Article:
Stored Procedure Creation

  • Robert Eder

    Hall of Fame

    Points: 3326

    Comments posted to this topic are about the item Stored Procedure Creation

  • Carlo Romagnano

    SSC-Insane

    Points: 21876

    That's true! Stack overflow!

  • Hugo Kornelis

    SSC Guru

    Points: 64675

    Aaarggh! I apparently need more coffee.

    I somehow managed to convince myself that the text said "choose 2". And then saw 4 correct answers, so I was very annoyed at the author while choosing the 2 I thought he intended - and then was even more annoyed at myself when I saw why I got it wrong.

    Stupid me.

    Nice question, though. Tricky! Almost really fooled me - that BEGIN and END in the procedure text are misleading. (This is actually one of the reasons why I never use BEGIN END around a stored procedure myself)


    Hugo Kornelis, SQL Server/Data Platform MVP (2006-2016)
    Visit my SQL Server blog: https://sqlserverfast.com/blog/
    SQL Server Execution Plan Reference: https://sqlserverfast.com/epr/

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  • Toreador

    SSChampion

    Points: 11248

    I guessed that it wouldn't execute the procedure ion the 2nd batch, as the parser would detect the recursion and stop it. This seemed to be confirmed when I ran it with "Show Plan" turned on, which showed nothing.

    I should have run Profiler as well, which would have put me right 🙁

  • Hugo Kornelis

    SSC Guru

    Points: 64675

    Toreador (5/14/2015)


    I guessed that it wouldn't execute the procedure ion the 2nd batch, as the parser would detect the recursion and stop it. This seemed to be confirmed when I ran it with "Show Plan" turned on, which showed nothing.

    I should have run Profiler as well, which would have put me right 🙁

    Since the stored procedure doesn't contain any DML statements, you would not have gotten an execution plan even if there had been no infinite recursion in the proc.

    That being said, actual DML statements that run into an error also do not produce an execution plan. Kinda makes sense because the actual row counts would be incomplete and could lead to bad tuning decisions, but on the other hand it would really be helpful for troubleshooting if we did get the plan of the failed query. But I guess it's never been a conscious decision, just an artefact of how run-time errors are handled internally.


    Hugo Kornelis, SQL Server/Data Platform MVP (2006-2016)
    Visit my SQL Server blog: https://sqlserverfast.com/blog/
    SQL Server Execution Plan Reference: https://sqlserverfast.com/epr/

  • Ed Wagner

    SSC Guru

    Points: 286969

    Nice question to get the brain moving. I know it sounds trivial and somewhat unrelated, but this is yet another reason why I indent. Of course, I guess it could be used to mislead the reader, but I find it helps to convey my intent...sometimes to myself. 😛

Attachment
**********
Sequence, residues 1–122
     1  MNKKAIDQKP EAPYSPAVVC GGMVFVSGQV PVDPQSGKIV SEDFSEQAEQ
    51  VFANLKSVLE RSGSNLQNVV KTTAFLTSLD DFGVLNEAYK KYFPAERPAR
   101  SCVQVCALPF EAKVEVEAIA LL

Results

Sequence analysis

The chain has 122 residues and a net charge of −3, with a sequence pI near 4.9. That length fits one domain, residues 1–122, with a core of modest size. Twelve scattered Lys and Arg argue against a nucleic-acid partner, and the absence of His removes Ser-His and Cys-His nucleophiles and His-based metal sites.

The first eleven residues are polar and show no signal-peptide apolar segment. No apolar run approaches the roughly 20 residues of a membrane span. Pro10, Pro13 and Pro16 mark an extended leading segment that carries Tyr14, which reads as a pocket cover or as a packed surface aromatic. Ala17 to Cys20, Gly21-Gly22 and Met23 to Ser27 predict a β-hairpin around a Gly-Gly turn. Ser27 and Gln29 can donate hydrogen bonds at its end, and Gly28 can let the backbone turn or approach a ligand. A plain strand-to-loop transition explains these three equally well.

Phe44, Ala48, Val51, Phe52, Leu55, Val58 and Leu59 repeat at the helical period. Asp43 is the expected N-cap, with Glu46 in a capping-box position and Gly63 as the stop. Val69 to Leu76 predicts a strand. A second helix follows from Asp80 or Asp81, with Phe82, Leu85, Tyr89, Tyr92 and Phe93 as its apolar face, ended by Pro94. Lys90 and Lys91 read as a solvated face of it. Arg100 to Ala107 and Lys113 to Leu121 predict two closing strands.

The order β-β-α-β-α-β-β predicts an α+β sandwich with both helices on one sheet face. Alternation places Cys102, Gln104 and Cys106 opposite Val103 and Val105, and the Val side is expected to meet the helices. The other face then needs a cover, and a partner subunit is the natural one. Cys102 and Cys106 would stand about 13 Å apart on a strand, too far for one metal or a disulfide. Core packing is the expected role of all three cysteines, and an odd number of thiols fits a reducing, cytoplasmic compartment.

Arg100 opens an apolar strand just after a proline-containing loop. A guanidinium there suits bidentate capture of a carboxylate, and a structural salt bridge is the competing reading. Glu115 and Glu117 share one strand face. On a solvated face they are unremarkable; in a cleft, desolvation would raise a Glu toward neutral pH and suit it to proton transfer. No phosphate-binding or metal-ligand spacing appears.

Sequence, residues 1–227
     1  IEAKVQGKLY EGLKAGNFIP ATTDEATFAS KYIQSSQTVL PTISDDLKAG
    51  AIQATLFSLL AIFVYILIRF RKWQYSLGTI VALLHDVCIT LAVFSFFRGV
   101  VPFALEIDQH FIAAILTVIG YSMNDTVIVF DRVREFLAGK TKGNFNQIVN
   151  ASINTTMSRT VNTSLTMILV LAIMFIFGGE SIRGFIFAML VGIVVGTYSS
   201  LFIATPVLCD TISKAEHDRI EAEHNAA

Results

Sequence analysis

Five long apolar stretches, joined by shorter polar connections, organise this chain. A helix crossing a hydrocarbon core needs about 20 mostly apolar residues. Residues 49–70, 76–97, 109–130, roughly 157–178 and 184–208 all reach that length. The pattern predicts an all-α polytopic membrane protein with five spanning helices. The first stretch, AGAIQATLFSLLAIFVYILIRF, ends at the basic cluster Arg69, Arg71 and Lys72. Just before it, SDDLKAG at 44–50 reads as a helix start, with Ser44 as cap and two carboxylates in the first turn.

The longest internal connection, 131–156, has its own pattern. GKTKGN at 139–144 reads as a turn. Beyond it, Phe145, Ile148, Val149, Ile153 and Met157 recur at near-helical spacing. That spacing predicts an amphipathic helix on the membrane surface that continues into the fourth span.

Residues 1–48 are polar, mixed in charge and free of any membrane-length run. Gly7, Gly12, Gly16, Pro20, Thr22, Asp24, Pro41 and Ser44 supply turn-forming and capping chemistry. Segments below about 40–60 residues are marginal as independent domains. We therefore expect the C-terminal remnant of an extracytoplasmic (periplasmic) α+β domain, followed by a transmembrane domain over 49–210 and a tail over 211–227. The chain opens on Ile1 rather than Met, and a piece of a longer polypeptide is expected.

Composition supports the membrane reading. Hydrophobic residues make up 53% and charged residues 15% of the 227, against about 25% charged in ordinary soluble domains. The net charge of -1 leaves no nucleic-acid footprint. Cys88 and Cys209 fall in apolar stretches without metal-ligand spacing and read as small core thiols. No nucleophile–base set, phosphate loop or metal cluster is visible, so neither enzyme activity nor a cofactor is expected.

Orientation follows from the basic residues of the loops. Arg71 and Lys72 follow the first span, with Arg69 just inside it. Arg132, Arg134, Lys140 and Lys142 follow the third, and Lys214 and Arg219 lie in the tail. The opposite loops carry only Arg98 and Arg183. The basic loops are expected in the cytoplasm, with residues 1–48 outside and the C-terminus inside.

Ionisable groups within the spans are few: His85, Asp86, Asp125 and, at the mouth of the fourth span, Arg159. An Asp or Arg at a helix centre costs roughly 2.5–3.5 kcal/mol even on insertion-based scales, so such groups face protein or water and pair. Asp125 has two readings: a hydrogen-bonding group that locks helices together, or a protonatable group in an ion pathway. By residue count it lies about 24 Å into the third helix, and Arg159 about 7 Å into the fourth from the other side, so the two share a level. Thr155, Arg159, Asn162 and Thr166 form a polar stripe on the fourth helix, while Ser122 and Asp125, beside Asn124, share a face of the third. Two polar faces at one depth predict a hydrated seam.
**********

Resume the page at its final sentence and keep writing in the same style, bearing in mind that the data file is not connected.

• djj

    SSCoach

    Points: 18738

    Missed the chose four. Would have gotten it wrong anyway as I fell into the begin / end mind set.:-D

  • SqlMel

    SSCrazy

    Points: 2891

    I knew I had this from the start since I've made the mistake of not putting the GO statement before calling the SP, as shown in batch 1.

    After that, it was just a matter of reading carefully the answers.

    Good question.

    ---------------
    Mel. 😎

  • dale_berta

    SSC Eights!

    Points: 942

    Interestingly enough, the documentation on CREATE PROCEDURE don't say anywhere, that I could find, that it had to be the the only statement in the batch. The links provided in the answer, for BEGIN END, and for GO, also weren't particularly helpful. I finally found the required information on the documentation for Batches, (2008 R2). The Rules for Using Batches is where I finally found that CREATE PROCEDURE, and a few other CREATEs, cannot be combined with other statements in a batch.

  • Hugo Kornelis

    SSC Guru

    Points: 64675

    dale_berta (5/14/2015)


    Interestingly enough, the documentation on CREATE PROCEDURE don't say anywhere, that I could find, that it had to be the the only statement in the batch. The links provided in the answer, for BEGIN END, and for GO, also weren't particularly helpful. I finally found the required information on the documentation for Batches, (2008 R2). The Rules for Using Batches is where I finally found that CREATE PROCEDURE, and a few other CREATEs, cannot be combined with other statements in a batch.

    It actually does say so in the CREATE PROCEDURE item at https://msdn.microsoft.com/en-us/library/ms187926.aspx. In the "Limitations and Restrictions" section: "The CREATE PROCEDURE statement cannot be combined with other Transact-SQL statements in a single batch."


    Hugo Kornelis, SQL Server/Data Platform MVP (2006-2016)
    Visit my SQL Server blog: https://sqlserverfast.com/blog/
    SQL Server Execution Plan Reference: https://sqlserverfast.com/epr/

  • dale_berta

    SSC Eights!

    Points: 942

    So it does. I read through it several times, and didn't catch it. D'oh! Thank you Hugo. I must stand embarrassed for the appropriate amount of time.

  • Xavon

    SSCrazy

    Points: 2280

    I somehow read the options 2 &3 three as sproc is/is not created, not sproc is/is not executed. So I picked 2 instead of 3. Got 3/4, can I get 1.5 points? :hehe:

  • Sean Lange

    SSC Guru

    Points: 286515

    Good question. I am not really too surprised that so few people got this correct. It is a topic that comes up frequently around the forums. Like Hugo I tend to avoid using begin/end blocks in my procedures.

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  • SQL_Hunt

    SSC-Dedicated

    Points: 33283

    I got one wrong. I did not realize to answer correctly that why the store proc did not execute.....

    Thanks.

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